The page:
Three classic Richard Sharpe adventures Richard Sharpe and the Peace of 1814 It is 1814. Rumours abound that Napoleon has surrendered, been murdered, or fled. But before the French are finally defeated and Sharpe can lay down his sword, one of the bloodiest conflicts of the war must be fought: the battle for the city of Toulouse. Sharpe and the Waterloo Campaign, 15 June to 18 June 1815 It is 1815. Sharpe is serving on the personal staff of the Prince of Orange, who refuses to listen to Sharpe’s reports of an enormous army, led by Napoleon, marching towards them. Richard Sharpe and the Emperor, 1820-21 Five years after the Battle of Waterloo, Sharpe’s peaceful retirement in Normandy is shattered. An old friend, Don Blas Vivar, is missing in Chile, reported dead at rebel hands – a report his wife refuses to believe. She appeals to Sharpe to find out the truth.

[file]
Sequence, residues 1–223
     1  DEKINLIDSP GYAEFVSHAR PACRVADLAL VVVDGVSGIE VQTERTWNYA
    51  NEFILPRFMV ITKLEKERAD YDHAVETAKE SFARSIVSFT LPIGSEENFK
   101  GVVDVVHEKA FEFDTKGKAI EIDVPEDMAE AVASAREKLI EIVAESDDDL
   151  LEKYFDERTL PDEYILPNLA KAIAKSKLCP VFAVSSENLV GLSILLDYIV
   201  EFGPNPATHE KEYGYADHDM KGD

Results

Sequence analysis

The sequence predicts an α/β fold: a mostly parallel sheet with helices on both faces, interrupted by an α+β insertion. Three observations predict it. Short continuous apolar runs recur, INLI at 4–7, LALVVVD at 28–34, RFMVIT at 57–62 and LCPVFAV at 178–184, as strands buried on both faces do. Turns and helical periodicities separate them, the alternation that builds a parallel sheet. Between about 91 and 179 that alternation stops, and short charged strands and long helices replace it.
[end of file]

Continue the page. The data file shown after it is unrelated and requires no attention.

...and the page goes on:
‘Sharpe and his creator are national treasures.' Sunday Telegraph 'Bernard Cornwell is a literary miracle. Year after year, hail, rain, snow, war and political upheavals fail to prevent him from producing the most entertaining and readable historical novels of his generation.' Daily Mail 'Cornwell's narration is quite masterly and supremely well-researched.' Observer ‘The best battle scenes of any writer I’ve ever read, past or present. Cornwell really makes history come alive.’ George R.R. Martin
Bernard Cornwell was born in London, raised in Essex and worked for the BBC for eleven years before meeting Judy, his American wife. Denied an American work permit he wrote a novel instead and has been writing ever since. He and Judy divide their time between Cape Cod and Charleston, South Carolina.